Nutrition for Guineas: Diet Recommendations
Drs. Foster & Smith Educational Staff

Guinea Pig Nutritional Needs

Signature SeriesĀ® Western Timothy Hay

Guinea pigs have a biological make up that creates special nutritional needs for them. Unable to synthesize (create) Vitamin C themselves as most other animals can, guinea pigs must have Vitamin C supplied through Vitamin C fortified guinea pig pellets and fresh vegetables.

Fiber in the appropriate quantity is also essential in the diet of guinea pigs. Additional fiber should be supplied through unlimited amounts of Timothy Hay. Additional Vitamin C can and should be supplied in fresh fruits and vegetables such as the following:

friut & vegetables

  • Leafy greens such as kale, parsley, spinach and chicory
  • Cabbage
  • Red and Green Peppers
  • Asparagus
  • Broccoli
  • Peas
  • Tomatoes
  • Dandelion Greens (no pesticides, fertilizer or herbicides)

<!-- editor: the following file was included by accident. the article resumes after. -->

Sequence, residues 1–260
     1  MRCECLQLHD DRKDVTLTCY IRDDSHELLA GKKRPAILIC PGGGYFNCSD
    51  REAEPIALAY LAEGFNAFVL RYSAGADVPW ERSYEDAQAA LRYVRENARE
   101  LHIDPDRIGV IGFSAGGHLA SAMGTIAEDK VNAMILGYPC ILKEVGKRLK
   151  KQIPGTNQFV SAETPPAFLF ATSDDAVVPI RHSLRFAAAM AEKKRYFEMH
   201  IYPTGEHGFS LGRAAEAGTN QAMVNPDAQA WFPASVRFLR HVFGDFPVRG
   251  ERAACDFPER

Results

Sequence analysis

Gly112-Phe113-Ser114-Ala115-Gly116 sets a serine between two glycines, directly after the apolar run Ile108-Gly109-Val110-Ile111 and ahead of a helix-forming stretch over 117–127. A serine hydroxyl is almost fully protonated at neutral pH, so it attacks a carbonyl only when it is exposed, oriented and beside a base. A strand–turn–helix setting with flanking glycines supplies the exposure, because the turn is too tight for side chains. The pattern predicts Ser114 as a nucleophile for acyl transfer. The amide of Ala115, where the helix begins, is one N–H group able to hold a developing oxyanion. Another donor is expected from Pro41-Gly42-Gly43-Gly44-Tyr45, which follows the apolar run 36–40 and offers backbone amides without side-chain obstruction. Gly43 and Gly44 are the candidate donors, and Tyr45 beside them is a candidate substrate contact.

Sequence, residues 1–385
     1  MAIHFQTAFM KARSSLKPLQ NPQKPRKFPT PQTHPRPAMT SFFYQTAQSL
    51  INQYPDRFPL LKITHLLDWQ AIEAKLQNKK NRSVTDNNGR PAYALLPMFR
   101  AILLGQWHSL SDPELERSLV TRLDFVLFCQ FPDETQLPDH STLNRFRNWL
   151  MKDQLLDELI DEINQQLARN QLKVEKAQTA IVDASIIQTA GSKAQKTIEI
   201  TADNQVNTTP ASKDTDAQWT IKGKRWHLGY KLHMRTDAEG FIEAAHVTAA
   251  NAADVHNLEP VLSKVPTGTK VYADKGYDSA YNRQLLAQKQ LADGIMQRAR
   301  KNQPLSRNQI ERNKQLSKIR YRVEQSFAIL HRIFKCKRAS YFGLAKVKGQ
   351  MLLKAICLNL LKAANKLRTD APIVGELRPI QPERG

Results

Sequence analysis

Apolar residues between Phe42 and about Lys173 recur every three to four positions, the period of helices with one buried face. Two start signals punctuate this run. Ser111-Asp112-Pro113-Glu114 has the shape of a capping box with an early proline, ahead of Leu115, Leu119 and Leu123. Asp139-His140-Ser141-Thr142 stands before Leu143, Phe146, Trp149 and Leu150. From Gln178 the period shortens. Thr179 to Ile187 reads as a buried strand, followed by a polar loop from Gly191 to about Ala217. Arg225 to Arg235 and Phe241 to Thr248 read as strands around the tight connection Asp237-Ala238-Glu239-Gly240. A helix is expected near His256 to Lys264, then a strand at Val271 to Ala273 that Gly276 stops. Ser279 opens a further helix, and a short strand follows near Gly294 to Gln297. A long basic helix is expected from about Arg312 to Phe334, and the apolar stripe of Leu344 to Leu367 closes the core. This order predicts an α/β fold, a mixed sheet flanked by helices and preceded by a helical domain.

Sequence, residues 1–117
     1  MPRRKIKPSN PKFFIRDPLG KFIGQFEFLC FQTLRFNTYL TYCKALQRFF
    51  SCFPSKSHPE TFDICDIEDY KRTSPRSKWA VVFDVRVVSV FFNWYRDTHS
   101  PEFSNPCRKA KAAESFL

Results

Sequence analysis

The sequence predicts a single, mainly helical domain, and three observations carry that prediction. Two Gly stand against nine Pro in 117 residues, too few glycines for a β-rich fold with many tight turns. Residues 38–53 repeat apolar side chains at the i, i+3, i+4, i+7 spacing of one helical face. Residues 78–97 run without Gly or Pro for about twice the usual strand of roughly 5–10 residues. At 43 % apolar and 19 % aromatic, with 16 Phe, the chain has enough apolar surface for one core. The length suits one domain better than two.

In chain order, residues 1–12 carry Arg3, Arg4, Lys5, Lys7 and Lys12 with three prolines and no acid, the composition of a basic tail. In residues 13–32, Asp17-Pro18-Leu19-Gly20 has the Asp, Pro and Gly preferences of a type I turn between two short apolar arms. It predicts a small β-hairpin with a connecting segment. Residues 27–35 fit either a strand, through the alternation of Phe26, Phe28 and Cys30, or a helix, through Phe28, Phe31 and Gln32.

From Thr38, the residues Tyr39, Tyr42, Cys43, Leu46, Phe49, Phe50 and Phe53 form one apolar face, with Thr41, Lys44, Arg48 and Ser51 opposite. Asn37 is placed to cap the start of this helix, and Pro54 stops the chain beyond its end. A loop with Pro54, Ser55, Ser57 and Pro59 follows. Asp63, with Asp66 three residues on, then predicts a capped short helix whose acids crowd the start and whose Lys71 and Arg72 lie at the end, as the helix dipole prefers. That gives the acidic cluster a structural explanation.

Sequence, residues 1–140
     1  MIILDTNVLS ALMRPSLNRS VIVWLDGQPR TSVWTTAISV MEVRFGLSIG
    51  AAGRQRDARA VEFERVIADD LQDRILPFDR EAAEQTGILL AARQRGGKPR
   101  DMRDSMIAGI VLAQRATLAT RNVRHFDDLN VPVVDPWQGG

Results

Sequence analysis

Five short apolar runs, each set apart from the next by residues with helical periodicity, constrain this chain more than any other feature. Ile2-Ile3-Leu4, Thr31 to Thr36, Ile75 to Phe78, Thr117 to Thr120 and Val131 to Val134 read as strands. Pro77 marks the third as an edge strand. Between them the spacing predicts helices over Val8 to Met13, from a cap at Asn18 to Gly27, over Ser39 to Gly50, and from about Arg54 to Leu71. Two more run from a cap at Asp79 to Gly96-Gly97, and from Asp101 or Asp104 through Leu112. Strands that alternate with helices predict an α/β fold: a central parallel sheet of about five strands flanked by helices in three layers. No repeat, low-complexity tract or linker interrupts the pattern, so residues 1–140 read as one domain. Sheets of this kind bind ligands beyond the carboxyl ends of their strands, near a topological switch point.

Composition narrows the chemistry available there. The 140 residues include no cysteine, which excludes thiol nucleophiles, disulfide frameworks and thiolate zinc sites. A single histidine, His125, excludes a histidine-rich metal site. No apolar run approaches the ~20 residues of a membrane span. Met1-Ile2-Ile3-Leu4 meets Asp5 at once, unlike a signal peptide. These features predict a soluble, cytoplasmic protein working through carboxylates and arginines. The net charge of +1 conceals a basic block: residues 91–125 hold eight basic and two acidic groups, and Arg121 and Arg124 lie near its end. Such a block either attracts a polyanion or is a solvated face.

• Kiwi
  • Oranges

Note: Fruits and vegetables should make up no more than 10-15% of the diet.
The recommended amount of food pellets to feed varies with each manufacturer based on the nutrition each product supplies. Oxbow Essentials for guinea pigs recommends 1/8 cup for mature guinea pigs (in addition to unlimited grass hay). Be sure not to feed rabbit pellets to your guinea pigs. While similar in appearance, rabbit pellets have a different nutritional mix than that needed by guinea pigs.

Oxbow Essentials Guinea Pig Food

Commercial pellets should always be used when fresh. The reason fresh pellets should be used is that Vitamin C breaks down in a matter of weeks, which means your guinea pig will not get the full benefit of the Vitamin C. Guinea pigs deprived of appropriate levels of Vitamin C will, over time, develop the disease known as scurvy.

Guinea pigs are finicky eaters and do not easily tolerate changes in the flavor or make up of their diet. Any changes should be gradually introduced over a period of two to three weeks.

Guinea pigs practice coprophagy, that is, they eat their own special feces. As unappealing as it sounds, "cecotropes" (soft feces) supply both Vitamin B and Vitamin K to guinea pigs. Guinea pigs deprived of cecotropes will eventually develop malnutrition and will die.

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